Tonight I didn’t really say anything on the mic because, one, my mic wasn’t on, but I used to just not say anything. But I realized when you say something, people listen, and people are engaged immediately. So I realized once I have those drums and once I say something, it just makes people pay attention more, rather than just somebody up there with a laptop.

Haps: So you mentioned a show in Tokyo, and looking at your tour dates, you’ve been spending a lot of time in Japan lately. Shigeto being your great-grandfather’s name, your heritage plays a big role in your music and in your life. What does it mean to you to play in Japan?

Shigeto: Oh it means a lot. This tour was my first time ever playing there. I’ve been to Japan to visit distant family, I’ve played in Japan with School of Seven Bells, but I had never gone to play my own music, so it was a pretty big deal. I, in a way, have a strong disconnection to the Japanese because I don’t speak Japanese. I’m fully American. I mean, to be American is to be a mix of many things, so I, in a way, use my middle name to connect with my culture without being connected, you know? Kind of a way to pay homage to it without being really a part of it, to let Japan know, or let my grandmother know or let my ancestors know that it means a lot to me and that I wanna be a part of it. I’ve always questioned my Japanese connection, and so to go over there to see the crowds and see the fans and have these Japanese producers come up to me and be like, Oh, you inspired me, is quite emotional. It’s more than just playing somewhere.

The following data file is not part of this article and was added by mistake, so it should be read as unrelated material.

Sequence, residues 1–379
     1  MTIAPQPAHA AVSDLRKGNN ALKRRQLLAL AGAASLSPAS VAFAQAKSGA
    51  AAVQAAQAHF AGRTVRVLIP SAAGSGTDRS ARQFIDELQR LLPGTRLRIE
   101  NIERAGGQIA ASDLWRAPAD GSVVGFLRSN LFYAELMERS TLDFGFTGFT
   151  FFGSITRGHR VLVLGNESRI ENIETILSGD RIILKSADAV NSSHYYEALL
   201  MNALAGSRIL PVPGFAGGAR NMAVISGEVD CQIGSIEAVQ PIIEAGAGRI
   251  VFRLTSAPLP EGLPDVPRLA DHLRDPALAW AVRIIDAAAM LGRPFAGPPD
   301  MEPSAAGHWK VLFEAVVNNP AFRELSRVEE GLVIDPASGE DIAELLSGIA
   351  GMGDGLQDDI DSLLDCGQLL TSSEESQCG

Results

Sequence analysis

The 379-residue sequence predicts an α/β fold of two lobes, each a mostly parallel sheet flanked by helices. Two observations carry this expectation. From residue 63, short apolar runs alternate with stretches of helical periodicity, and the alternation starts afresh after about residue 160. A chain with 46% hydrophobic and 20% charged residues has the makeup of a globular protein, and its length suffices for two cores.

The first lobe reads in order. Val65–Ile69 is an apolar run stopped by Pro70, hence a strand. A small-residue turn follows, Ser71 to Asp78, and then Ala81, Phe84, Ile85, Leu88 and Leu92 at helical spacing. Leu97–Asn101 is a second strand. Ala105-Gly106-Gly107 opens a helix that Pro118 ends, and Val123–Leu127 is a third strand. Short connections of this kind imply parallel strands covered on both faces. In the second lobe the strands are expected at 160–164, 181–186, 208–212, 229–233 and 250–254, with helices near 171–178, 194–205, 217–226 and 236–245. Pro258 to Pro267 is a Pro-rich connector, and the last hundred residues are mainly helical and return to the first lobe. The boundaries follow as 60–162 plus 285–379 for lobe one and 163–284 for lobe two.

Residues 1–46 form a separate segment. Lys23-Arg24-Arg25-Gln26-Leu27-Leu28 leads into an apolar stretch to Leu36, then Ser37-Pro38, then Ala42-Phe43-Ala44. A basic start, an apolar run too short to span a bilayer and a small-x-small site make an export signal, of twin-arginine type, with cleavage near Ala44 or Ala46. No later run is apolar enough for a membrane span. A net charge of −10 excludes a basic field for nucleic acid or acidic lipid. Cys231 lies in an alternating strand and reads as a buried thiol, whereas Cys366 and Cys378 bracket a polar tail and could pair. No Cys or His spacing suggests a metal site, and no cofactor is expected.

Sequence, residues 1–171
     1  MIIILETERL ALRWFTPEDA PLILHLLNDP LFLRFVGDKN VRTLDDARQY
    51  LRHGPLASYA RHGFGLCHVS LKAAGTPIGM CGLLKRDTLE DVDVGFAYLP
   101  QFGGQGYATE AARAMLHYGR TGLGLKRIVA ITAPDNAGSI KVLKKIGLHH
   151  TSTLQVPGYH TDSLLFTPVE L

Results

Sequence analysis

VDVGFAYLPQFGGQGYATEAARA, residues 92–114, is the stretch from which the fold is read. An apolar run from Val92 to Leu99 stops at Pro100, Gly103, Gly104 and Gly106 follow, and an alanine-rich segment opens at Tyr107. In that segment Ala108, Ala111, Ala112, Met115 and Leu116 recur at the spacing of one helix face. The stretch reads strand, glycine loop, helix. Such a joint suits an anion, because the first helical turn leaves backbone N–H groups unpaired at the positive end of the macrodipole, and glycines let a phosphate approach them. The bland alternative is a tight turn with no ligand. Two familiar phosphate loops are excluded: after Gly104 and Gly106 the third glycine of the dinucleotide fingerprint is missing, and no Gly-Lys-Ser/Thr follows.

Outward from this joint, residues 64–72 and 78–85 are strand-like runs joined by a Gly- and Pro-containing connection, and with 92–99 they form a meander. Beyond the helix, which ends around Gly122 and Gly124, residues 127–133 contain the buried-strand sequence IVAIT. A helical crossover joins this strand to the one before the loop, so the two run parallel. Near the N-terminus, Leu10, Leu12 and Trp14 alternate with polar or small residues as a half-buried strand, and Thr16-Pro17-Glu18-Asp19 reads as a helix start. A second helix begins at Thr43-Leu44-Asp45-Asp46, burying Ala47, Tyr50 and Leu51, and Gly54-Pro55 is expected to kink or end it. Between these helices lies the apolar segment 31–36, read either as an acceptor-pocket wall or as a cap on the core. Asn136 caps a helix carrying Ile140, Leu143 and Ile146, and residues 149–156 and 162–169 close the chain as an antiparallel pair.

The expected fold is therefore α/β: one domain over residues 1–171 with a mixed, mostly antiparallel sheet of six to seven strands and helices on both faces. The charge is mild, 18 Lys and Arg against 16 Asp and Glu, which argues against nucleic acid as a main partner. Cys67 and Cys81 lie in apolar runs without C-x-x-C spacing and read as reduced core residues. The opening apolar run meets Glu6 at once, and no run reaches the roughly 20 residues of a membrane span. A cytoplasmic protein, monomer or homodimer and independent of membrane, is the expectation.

Haps: I noticed that. Listening to your music at home, I might put it on while I’m cooking, but this was a totally different thing. I’ve heard that you’ve been the drummer in some bands, as well.

Shigeto: Yeah, I’ve been playing drums in bands pretty much my whole life – mainly jazz – but I used to play with another group called School of Seven Bells. I toured with them for a little over a year and they were kind of my transition from being a musician on the side to a full time job. And then, by the time I left that group, my own music got going and I just continued with the Shigeto stuff.

Haps: I assume when you play with a band, you’d be in the traditional position of a drummer, behind the guitar and singer, whoever is in front, versus being front and center when it’s Shigeto. How is that a different experience?

Shigeto: It’s different because I’m by myself. I’m not used to being in the spotlight. I mean, I’m getting used to it obviously, but I’ve always been somebody who likes to be in the background, who likes to kind of just blend in and not have to deal with all the stuff that you have to deal with as a front man. So the whole Shigeto project was a new thing for me to be responsible for everything, whether the show goes well or goes bad. I used to not have to care about it. It was like, Oh well, this is your thing and I’m just holding it down, you know? It’s a whole different experience having everything on you.

Photos: Reisa Michelle and Anthony Cianna



About Seth Fellenz